Instead of a desperately needed baby boom, China gets a COVID-19 baby bust

Domestic News

Although some researchers stressed that the data to fully gauge the number of lowered birth rates won’t be available for a few months, many population experts are convinced that the pandemic had led to a sizable reduction in children born in 2020.

baby

When the COVID-19 outbreak first hit China in early 2020, many speculated — and some government officials and demographers hoped — that the widespread lockdowns, which confined millions of Chinese people to their homes, would yield a boom of quarantine babies. 

More than a year later, it appears that no such boom has occurred. In fact, it’s quite the opposite: According to statistics released on February 8 by the Ministry of Public Security, there were about 10.03 million newborns registered in China last year, 15% less than in 2019. 

Meanwhile, preliminary data shows that birth rates declined between 9% to 32.6% in the second half of 2020 compared with 2019 in some Chinese cities, including Guangzhou in Guangdong Province, Wenzhou in Zhejiang Province, and Hefei in Anhui Province. 

As Sixth Tone noted, the actual situation is likely less bleak than what these figures portray, because they don’t include children born in violation of China’s family planning policies, which have been relaxed but not abolished in recent years. 

Although some researchers stressed that the data to fully gauge the number of lowered birth rates won’t be available for a few months, many population experts are convinced that the pandemic had led to a sizable reduction in children born in 2020.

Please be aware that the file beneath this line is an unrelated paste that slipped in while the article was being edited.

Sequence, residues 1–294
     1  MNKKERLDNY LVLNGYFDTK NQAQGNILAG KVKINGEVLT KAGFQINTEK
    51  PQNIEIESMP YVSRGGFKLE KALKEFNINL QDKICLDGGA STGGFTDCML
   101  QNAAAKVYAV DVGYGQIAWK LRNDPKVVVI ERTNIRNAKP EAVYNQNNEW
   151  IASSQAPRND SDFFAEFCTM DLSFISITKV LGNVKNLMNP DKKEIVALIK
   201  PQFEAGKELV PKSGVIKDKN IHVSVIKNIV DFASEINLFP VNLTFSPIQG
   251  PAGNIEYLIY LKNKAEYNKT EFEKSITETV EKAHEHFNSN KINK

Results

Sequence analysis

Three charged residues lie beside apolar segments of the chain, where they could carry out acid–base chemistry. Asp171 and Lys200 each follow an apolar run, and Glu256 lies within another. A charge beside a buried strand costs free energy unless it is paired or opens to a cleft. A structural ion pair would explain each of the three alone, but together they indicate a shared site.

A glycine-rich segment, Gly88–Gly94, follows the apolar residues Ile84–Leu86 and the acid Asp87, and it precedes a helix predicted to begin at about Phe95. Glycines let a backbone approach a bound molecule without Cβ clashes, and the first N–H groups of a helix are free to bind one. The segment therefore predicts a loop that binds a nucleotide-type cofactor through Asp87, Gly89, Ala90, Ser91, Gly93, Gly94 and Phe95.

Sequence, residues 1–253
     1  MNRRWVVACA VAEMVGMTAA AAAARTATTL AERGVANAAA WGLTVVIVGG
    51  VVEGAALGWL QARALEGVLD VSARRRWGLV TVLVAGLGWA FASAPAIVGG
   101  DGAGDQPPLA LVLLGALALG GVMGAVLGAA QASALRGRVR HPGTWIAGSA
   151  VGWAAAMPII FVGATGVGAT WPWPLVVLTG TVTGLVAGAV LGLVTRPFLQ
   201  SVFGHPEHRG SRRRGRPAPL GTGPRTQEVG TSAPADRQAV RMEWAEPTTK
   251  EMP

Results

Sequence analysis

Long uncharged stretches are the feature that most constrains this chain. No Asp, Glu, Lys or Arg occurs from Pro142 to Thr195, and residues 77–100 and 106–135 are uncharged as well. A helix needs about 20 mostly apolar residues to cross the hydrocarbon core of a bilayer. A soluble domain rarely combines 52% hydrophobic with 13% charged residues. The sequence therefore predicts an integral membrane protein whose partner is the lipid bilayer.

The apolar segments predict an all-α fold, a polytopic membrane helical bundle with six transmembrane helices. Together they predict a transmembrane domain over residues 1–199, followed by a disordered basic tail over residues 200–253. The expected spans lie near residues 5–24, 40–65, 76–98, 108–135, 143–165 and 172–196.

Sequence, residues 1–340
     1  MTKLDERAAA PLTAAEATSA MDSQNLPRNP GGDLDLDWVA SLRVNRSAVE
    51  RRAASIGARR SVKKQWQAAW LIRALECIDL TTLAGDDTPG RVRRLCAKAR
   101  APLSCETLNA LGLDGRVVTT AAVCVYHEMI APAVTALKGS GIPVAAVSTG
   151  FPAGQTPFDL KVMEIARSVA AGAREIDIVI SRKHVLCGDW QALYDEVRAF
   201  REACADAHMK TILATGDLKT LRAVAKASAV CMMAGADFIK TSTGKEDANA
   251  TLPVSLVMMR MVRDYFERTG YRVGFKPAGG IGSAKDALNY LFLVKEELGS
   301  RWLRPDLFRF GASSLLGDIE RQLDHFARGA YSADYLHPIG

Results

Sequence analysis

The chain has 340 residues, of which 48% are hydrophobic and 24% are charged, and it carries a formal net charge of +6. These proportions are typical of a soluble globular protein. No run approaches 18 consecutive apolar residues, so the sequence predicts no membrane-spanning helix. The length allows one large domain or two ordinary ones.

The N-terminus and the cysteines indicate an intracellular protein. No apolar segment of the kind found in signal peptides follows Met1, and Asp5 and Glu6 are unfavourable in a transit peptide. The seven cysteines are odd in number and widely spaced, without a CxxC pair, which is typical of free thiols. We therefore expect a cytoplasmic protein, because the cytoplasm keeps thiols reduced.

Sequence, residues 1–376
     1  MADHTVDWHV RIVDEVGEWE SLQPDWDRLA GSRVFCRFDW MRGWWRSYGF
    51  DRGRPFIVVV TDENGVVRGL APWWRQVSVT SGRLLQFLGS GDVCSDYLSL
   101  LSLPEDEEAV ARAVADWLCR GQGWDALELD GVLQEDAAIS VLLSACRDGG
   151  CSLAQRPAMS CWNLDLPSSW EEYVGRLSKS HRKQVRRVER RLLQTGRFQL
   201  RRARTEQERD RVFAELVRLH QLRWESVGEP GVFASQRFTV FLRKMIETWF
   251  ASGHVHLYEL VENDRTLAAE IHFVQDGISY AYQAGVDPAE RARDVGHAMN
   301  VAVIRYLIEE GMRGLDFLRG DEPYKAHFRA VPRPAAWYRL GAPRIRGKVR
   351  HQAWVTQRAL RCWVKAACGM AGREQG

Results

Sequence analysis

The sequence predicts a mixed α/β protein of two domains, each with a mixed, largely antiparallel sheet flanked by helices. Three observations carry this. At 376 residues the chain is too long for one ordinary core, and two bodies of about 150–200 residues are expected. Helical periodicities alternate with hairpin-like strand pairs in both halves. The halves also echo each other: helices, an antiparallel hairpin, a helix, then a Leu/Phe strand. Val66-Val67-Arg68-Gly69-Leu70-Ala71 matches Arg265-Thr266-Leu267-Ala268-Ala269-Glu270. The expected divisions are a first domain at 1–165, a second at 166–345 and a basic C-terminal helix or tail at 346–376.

“Judging from the numbers that have been released so far, it’s quite obvious that China’s fertility rate has continued to drop. The downward trend is still in force,” said Lù Jiéhuá 陆杰华, a sociology professor at Peking University, in an interview with the 21st Century Business Herald. He warned that in the long term, declining birth rates could leave China without enough workers, making the country unable to fund welfare programs for senior citizens.

Lu’s worries are shared by many high-level government officials and policymakers in China. The country’s birth rates have been steadily falling for years now, mostly because young people can’t afford to have kids, and more financially independent women have decided to embrace a single, childless lifestyle. 

The combination of low fertility rates and an aging population has driven the government to roll out a wide range of policies to encourage births, including relaxing its decades-long one-child policy and offering extended benefits to couples having a second child. 

But the initiative has yet to deliver any significant results. In an article published in December last year, Civil Affairs Minister Lǐ Jìhéng 李纪恒 urged the government to introduce more effective measures to boost the country’s “dangerously low” birth rate. Earlier this year, Hè Dān 贺丹, the director of the China Population Development and Research Center, a state-affiliated institute under the National Health Commission, warned (in Chinese) that China was on the verge of entering an era of negative population growth, forecasting that the country would experience more deaths than births at some point in the next 10 years. 

To make things worse, some of the past efforts to reverse the declining national fertility levels  have backfired miserably. For example, in 2018, the People’s Daily, the mouthpiece of the ruling Communist Party, faced an intense backlash after publishing a controversial commentary that suggested “giving birth is not only a family matter but also a national issue.” 

When stay-at-home orders first began to go into effect across China, many suggested that the pandemic might lead to a desperately needed baby boom as people in quarantine might plan on starting families out of pure boredom. Now that the data indicates otherwise, some Chinese media outlets are trying to get to the bottom of what’s preventing people from having children.

In an online poll (in Chinese) involving nearly 57,000 Weibo users, Sina Finance found that more than 75% of the respondents cited “high living costs” as the primary reason for their decisions to not have babies. Worries about the so-called “motherhood penalty” (生育惩罚 shēngyùchéngfá) — the negative stereotypes about the value of mothers as workers — and mounting pressure at work are also frequently mentioned as main factors contributing to their decision to delay marriage and having children.